AP Racing Writer
LOUISVILLE, Ky. (AP) -- It's easy to figure out where Todd Pletcher got the idea to enter five horses in this year's Kentucky Derby. He used to work for D. Wayne Lukas.
For the longest time, Lukas was the biggest star in the sport, the guy in the white hat with an army of thoroughbreds stashed coast-to-coast, winning every big race in sight.
In 1996, Lukas won his third Derby with Grindstone, a horse he considered the weakest of his five entries. It took him decades to admit as much, but he can do that now. At 77, Lukas has 13 Triple Crown wins, including four at the Derby, and is the sport's elder statesman. He's already in the Hall of Fame.
Pletcher tried overwhelming the Derby the same way. He daringly took aim with four horses his first time, in 2000, and then tried a record-tying five in 2007. It wasn't until he saddled four in 2010 that long shot Super Saver delivered his first whiff of red roses in the winner's circle.
Lukas had long ago advised him, "You can win all these stakes, but you got to get this one on your resume."
Other than another Derby win or two -- he's been to a dozen with only the one win -- Pletcher's resume couldn't get much better. He's won Breeders' Cup races, led the nation in money winnings, and commands the best and biggest racing operation in the country.
Indeed, he learned well from the master.
These days, though, they're a marked contrast of each other -- one is loose and takes all questions; the other is a little uptight.
With a fancy cowboy boot propped on a white sawhorse, Lukas holds court until the last visitor is satisfied.
"Can you believe we get paid for this?" he marvels.
Pletcher can barely stand being quizzed. He's as buttoned-down as Lukas is casual.
The 45-year-old son of a trainer, Pletcher comes to work in a perfectly pressed white shirt tucked into belted jeans, and his gray hair is cut short. Neatness is something he learned from Lukas' spit-shined example during seven years as an apprentice.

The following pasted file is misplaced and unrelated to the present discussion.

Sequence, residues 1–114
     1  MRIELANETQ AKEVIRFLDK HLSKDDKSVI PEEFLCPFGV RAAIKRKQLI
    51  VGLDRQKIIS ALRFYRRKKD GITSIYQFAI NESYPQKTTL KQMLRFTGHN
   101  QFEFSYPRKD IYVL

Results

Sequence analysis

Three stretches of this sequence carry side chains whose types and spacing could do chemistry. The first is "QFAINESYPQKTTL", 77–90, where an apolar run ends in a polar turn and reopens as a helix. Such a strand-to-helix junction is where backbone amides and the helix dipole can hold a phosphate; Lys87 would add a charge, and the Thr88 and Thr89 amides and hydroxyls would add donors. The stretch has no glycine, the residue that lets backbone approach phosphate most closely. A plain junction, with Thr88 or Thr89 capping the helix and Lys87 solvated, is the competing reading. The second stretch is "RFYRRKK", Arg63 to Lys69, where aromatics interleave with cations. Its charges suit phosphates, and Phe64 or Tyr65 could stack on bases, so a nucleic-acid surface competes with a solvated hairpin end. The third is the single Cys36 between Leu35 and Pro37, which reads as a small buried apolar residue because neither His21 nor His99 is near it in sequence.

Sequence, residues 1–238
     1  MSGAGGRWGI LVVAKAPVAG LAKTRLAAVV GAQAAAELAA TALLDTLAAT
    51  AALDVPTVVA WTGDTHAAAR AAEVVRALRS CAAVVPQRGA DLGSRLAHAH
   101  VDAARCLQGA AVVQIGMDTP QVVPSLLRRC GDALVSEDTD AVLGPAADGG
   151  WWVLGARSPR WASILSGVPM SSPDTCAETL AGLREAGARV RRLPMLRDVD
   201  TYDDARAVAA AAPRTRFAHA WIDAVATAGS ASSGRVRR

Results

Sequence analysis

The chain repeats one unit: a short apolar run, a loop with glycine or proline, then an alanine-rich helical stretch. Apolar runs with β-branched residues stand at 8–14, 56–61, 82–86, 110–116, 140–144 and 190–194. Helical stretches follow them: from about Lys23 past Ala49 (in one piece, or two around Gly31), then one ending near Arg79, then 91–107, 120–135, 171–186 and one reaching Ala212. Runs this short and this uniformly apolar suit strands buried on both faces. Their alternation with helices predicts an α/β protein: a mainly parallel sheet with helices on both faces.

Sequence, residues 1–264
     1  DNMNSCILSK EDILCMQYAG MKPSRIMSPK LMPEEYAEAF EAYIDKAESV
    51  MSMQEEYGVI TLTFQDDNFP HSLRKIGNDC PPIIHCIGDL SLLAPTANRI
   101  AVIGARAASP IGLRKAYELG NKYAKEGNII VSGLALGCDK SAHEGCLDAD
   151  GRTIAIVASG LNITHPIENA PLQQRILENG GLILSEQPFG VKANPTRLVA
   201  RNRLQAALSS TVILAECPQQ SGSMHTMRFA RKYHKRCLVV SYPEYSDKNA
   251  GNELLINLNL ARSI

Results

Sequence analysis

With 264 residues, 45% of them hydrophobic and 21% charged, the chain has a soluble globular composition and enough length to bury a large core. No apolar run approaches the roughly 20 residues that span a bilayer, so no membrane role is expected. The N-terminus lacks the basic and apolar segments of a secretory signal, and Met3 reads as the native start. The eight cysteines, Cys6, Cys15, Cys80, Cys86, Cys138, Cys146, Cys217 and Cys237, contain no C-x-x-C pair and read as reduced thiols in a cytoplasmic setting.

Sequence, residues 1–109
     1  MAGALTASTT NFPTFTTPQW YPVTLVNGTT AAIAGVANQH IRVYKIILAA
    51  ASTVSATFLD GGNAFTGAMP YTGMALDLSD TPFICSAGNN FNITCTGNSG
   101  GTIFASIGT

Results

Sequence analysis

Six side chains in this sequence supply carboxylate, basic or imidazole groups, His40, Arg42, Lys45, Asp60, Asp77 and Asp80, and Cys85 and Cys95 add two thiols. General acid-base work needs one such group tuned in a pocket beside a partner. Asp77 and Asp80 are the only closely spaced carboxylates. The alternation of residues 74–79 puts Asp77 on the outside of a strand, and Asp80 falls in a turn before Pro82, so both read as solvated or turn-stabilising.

Not surprising, Lukas and Pletcher hold down the top two spots among trainers for the most Derby starters. Lukas is extending his record with Nos. 46 and 47 this year; while Pletcher's current five give him 36.
"Now," Lukas said, showing some of the candor that comes with well-worn success, "35 of those I didn't want to run."
Pletcher might have had seven horses in the starting gate at Churchill Downs if not for health issues with Breeders' Cup Juvenile winner Shanghai Bobby and Violence. "He knows what to do," Lukas said. "It's such a difficult race to win."
Lukas' legacy was cemented long ago. If he adds a fifth Derby on Saturday, he could become the oldest winning trainer in race history. He's throwing two long shots into the 20-horse mix: Oxbow and Will Take Charge.
Of Pletcher's five horses, undefeated Verrazano is the early 4-1 second choice. Revolutionary, Overanalyze, Palace Malice and Charming Kitten are listed at double-digit odds.
Lukas, a former Wisconsin high school basketball coach, clearly knows he's closer to the end of an enviable run. "I'm only going to do this until I'm 95," he said with a laugh.
Pletcher, meanwhile, still has to be coaxed out of the small office near his horses' stalls that offers a clear sightline to Lukas' perch. With a TV camera in his face, Pletcher is pleasant but bland, parting with innocuous nuggets about each of his horses.
Example: "He trained exceptionally well."
He's equally middle-of-the-road when pressed on who he would like to see win if it can't be him: "I root for everybody."
On a couple of points, though, Lukas and Pletcher are alike.
Regarding the competition, Lukas likes to quote Charlie Whittingham, the oldest Derby-winning trainer: "Never say anything bad about a horse until he's been dead 10 years."
Pletcher likes to control every last detail around his neat-as-a-pin barn, another habit he picked up from Lukas. The gravel is always carefully raked and blooming flowers spill out of hanging baskets.
Lukas' stable area is still the housekeeping standard, topped off by two huge sprays of red roses.
Pletcher lives in a perpetual state of unease about his horses' welfare, whether it's before the Derby or a low-priced claiming race at a smaller track.
"That's part of life as a trainer," he said. "I put the same amount of pressure every year on myself."